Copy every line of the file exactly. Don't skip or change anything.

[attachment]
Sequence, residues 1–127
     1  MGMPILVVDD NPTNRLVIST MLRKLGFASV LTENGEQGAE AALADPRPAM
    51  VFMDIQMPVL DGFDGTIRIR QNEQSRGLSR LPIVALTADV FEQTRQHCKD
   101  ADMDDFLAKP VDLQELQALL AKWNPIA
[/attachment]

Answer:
Sequence, residues 1–127
     1  MGMPILVVDD NPTNRLVIST MLRKLGFASV LTENGEQGAE AALADPRPAM
    51  VFMDIQMPVL DGFDGTIRIR QNEQSRGLSR LPIVALTADV FEQTRQHCKD
   101  ADMDDFLAKP VDLQELQALL AKWNPIA